Romance novels have entranced women (and men) for decades. The classic story of boy meets girl, boy loses girl, and boy regains girl’s love, against all odds, resulting in a happily ever after. But over the years, the storylines of the genre have changed, along with the themes of the novels. Here is a brief history of the Romance Novel’s history, from the beginning in the 1700s to modern times.
The Early Years
A romance novel is a novel that centers on a romantic story, which may or may not include explicit material. In the early years, romance novels were solely focused on the romance itself, without much plot. The first known romance novel was Samuel Richardson’s Pamela, or Virtue Rewarded, which was about the love between a female maid and her land-owning master. And that absolutely made sense in 1740, when women were oppressed wives whose value was determined by their husbands’ status and they were often left alone all day. A fantasy of a maidservant falling in love with her master wasn’t too far off from real-life relationships at the time. But the romance novel didn’t really hit its stride until Jane Austen came along in the 1800s. Although she published her books anonymously, the general public knew that her books were written by a woman, and they were popular enough to earn her a profit.
The Explosion of the Romance Novel
Harlequin novels came next, in 1949 but didn’t hit their stride until the 1970s. These novels were marketed towards women and sold at supermarkets and convenience stores, which at the time were frequented mostly by women. These books had predictable plots and happy endings, as well as the first notable sex scenes in literature. These were the first novels to contain explicit material for women, but as the feminist movement grew, women were able to accept their sexuality more and more, leading to the evolution of the romance novel. While before, romance novels only contained the plot of the romance itself, in the 70s and 80s, the stories began to evolve to include more suspense and mystery, until plots became as important as the romance itself. Women began to embrace their own sexuality, and take active roles in the stories instead of being passively ravaged by rugged heroes.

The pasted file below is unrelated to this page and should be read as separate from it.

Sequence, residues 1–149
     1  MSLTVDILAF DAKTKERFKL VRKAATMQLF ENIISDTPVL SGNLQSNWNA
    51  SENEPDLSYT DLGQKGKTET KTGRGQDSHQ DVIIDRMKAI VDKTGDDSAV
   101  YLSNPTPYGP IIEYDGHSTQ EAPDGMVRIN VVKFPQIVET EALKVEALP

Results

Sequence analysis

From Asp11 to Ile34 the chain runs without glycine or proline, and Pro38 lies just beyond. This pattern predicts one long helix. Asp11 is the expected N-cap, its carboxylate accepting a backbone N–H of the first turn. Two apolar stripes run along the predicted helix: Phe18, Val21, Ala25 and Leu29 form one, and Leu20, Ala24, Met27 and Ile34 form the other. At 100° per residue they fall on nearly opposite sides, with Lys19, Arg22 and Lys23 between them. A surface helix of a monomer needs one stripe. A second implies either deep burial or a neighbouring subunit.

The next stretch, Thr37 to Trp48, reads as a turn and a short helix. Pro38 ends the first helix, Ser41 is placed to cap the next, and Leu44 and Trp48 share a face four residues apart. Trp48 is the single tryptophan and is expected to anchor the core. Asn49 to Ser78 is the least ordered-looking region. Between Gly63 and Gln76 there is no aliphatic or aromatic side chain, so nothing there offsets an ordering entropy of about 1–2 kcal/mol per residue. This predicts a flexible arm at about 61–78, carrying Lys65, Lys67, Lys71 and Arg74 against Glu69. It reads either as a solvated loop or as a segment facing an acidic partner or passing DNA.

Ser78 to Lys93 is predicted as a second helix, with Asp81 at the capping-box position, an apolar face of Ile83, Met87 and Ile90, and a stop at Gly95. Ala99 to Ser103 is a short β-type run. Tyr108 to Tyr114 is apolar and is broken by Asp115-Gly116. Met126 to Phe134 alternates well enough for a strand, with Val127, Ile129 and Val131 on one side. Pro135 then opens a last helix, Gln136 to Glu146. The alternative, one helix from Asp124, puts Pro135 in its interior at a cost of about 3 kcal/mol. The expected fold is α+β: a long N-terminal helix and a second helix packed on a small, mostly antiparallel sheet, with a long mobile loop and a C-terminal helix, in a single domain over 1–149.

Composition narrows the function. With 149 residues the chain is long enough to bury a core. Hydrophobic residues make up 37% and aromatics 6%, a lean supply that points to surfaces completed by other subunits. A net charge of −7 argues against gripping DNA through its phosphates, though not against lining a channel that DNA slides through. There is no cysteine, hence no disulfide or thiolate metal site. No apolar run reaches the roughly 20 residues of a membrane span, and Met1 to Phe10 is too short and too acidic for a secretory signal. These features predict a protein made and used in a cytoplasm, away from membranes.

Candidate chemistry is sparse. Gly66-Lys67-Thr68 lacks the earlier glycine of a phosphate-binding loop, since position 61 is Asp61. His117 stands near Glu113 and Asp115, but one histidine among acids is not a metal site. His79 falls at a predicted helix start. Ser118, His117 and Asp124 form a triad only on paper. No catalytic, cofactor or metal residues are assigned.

Historical romances became more popular, and adventure stories full of passion and heat also started appearing on the shelves. With the second wave of feminism came women becoming less ashamed, and the romance novels of the time showed that.
Today’s Romance Novels
Today’s romance novels are about anything and everything. They contain suspense, intricate storylines, strong heroines, and less traditionally accepted love. LGBT romances are on the rise, and so are taboo fantasies. Say what you want about “Fifty Shades of Grey,” but it became as popular as it did because of the sex-positive attitude women are embracing more than ever.
Any type of romance you love can be found in stores or on Kindle, even the love that was unacceptable before. The stigma of reading romance novels still exists, but it’s far quieter than it was fifty years ago. We’re becoming less afraid to speak out about our wants and desires, and less ashamed to speak about sex in general. The #MeToo movement has brought sexual assault to the forefront of our news, women openly read more romance novels, and our sexual rights are expanding in the developed world. The world still has a long way to go when it comes to women’s rights, but as it keeps evolving, the modern romance novel will evolve right along with it, leading to more exciting, unusual stories.
The content above submitted by a guest blogger.
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